Rhys Forsyth was encouraged to enter the Central North Island Apprentice of the Year competition by his BCITO training advisor Tom Davie.
Mr Davie had told Rhys’ employer Gary Rowe, of National Park Construction, that he would be a perfect candidate for the award.
After submitting his entry form detailing a recent building project, Rhys was invited to an interview and a subsequent site visit by the regional judging panel, made up of representatives from the RMBF, Carters and the BCITO.
Rhys was announced the region’s top apprentice at an awards ceremony in New Plymouth in September.
Carters representative on the judging panel Trevor Parris says choosing a winner proved to be a difficult task, as entries in the Central North Island region were of a very high standard this year.
“Rhys is focused on construction, and displayed an excellent understanding of the practical and theoretical sides of the industry. He’s a very well-rounded and skilled young man, and an excellent role model for building apprentices,” Mr Parris says.
Winning the national Apprentice of the Year competition was “a bit of a surprise” for Rhys, who says the award is good recognition for all the hard work that goes into completing a carpentry apprenticeship.
His mother Julie, wife Deanna and boss Gary Rowe accompanied him to the national event in Wellington.
“Everyone was really happy for me,” Rhys says. “The award recognises the input of my employer and family as well.”
Rhys has worked for Mr Rowe for the past four years. He describes his employee as “a real goer”, and says he is a self-motivated young man who doesn’t need a lot of encouragement.
“He’s achieved a lot during his apprenticeship — he’s done his own subdivision and is now building his own house. I was really pleased that he won. Lots of people have congratulated us both,” Mr Rowe says.
“Rhys is very conscientious in his building. He builds everything as if it was his own, and takes great care. He’s always looking ahead, has good morals and doesn’t take short cuts.”
Rhys and wife Deanna, who is a nurse, share a passion for building accessible homes for the elderly and people with disabilities.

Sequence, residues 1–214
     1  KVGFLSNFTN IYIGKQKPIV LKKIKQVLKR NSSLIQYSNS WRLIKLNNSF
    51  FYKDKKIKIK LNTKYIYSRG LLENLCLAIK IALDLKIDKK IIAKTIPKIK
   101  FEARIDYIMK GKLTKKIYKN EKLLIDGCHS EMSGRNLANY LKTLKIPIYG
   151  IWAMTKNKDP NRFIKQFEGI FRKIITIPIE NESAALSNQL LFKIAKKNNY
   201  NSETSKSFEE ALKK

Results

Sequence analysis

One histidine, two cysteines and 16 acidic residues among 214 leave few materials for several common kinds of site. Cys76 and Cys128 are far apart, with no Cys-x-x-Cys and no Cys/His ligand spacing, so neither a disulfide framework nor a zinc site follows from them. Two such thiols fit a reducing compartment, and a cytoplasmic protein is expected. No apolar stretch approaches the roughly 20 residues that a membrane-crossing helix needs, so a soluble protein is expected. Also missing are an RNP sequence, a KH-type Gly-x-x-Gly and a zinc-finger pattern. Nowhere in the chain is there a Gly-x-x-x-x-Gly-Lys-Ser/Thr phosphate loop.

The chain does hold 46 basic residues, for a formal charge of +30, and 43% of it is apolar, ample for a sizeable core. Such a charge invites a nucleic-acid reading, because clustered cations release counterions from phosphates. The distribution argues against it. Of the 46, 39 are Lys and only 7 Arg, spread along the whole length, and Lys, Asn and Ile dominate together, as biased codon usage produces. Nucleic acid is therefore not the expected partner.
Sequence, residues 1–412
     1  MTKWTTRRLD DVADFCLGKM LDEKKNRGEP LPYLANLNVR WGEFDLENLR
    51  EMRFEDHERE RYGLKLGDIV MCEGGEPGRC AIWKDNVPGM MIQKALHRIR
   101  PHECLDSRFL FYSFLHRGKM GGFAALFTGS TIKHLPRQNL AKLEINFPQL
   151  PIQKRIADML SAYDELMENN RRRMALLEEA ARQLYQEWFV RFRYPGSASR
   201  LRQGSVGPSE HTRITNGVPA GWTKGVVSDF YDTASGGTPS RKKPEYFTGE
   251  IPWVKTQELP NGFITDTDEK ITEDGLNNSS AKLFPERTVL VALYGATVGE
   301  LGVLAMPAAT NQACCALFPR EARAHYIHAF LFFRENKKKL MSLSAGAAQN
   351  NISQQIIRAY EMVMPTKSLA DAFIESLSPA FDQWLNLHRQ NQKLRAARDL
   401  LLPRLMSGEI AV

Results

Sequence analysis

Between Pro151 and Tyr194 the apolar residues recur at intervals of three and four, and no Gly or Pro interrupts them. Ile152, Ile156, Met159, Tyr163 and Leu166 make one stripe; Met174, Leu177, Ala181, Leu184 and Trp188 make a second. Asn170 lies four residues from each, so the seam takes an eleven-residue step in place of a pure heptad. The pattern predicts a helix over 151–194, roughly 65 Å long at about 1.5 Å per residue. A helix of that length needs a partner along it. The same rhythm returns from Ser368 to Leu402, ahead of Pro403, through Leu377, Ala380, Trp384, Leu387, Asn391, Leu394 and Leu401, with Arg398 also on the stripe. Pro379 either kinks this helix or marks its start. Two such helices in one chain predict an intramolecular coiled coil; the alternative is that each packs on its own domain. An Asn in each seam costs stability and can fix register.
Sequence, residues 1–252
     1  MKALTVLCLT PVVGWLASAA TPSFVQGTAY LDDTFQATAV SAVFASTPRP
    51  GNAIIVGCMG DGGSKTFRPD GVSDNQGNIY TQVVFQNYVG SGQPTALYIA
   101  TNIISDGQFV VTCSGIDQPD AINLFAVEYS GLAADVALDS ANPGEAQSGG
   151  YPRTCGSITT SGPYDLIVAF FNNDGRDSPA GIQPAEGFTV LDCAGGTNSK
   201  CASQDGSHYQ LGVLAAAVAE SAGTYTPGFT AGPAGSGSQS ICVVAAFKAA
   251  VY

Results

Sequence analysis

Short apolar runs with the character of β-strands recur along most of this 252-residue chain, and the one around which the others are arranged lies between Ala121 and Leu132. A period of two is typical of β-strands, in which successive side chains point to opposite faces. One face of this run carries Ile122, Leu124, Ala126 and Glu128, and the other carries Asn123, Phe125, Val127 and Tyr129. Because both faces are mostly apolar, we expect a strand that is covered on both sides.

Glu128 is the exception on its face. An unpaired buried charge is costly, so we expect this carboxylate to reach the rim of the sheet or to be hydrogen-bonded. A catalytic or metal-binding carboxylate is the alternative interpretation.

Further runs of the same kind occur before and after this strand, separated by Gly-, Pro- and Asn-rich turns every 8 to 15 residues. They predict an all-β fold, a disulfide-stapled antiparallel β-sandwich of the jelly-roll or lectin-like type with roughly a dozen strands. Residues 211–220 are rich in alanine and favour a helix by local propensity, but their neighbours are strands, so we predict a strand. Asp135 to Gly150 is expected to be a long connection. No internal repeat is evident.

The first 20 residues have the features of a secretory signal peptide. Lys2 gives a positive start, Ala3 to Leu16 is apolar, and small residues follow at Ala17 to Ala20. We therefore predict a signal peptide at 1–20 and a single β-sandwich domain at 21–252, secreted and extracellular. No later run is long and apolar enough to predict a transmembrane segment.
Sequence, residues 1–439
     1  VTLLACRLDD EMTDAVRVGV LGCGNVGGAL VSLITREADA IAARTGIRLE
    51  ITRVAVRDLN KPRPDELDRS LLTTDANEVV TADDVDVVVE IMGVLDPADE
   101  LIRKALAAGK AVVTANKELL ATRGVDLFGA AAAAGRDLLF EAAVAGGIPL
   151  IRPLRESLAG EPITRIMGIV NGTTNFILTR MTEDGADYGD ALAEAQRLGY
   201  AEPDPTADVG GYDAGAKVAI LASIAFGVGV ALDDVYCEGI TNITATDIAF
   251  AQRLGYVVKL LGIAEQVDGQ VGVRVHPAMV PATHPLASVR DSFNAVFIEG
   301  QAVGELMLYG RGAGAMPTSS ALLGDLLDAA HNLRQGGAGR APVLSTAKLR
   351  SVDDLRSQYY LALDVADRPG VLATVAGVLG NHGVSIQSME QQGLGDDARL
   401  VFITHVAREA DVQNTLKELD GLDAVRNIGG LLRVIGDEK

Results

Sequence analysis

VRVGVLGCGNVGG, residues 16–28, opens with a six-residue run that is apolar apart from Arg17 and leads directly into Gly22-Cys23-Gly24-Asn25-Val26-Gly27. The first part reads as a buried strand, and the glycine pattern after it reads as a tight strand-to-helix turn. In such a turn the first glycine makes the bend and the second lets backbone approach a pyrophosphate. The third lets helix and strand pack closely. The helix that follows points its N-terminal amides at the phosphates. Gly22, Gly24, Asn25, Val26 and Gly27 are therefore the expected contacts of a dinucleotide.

Deanna has worked for an organisation called Back-Up New Zealand, a national charity which has been created specifically to offer people with disabilities the same outdoor pursuit opportunities as people without disabilities.
“My current career goal is to build good quality homes, not just houses. I want to push the idea of accessible homes — it’s future proofing, not only in the products we use, but in the design and layout of houses too,” Rhys says.
Rhys and Deanna are building their home with this entrepreneurial design style in mind, and aim to have it finished in time for the birth of their first baby in March next year, after which Rhys will join forces with Mr Rowe again on a large residential project in Taupo.
Rhys embarked on a career in the construction industry after being inspired by members of his family.
“My father and brother are boat builders. I was interested in building, but wasn’t keen on the idea of working with all the chemicals boat builders use, so opted for carpentry,” he says.
“Building offers a great lifestyle. It works well with my love of skiing, as I spend a lot of time up at Mt Ruapehu coaching a freestyle ski team.”
Rhys was very impressed with the prizes he received, in particular the surprise addition to the prize pool announced at the awards presentation — a $5000 study grant from Carters.
“I’m tossing up between taking a small business course and a BCITO course that’s a level up from the National Certificate in Carpentry,” he says.
Rhys also plans to go to a trade show in Australia next year, and is looking forward to the prospect of completing the Outward Bound course with the other national finalists next August.
In his acceptance speech, Rhys acknowledged sponsors the RMBF, Carters, the BCITO and the DBH for their support of the competition, and thanked everyone who helped make the event possible.
“Carters is thrilled with this competition’s continuing growth and success, and congratulates all winners and national finalists,” national operations manager Andrew Cochrane says.
When asked if he has any advice for other apprentices entering the competition next year, Rhys says to “definitely push yourselves to achieve. Push the knowledge base and push the industry to become more informed.”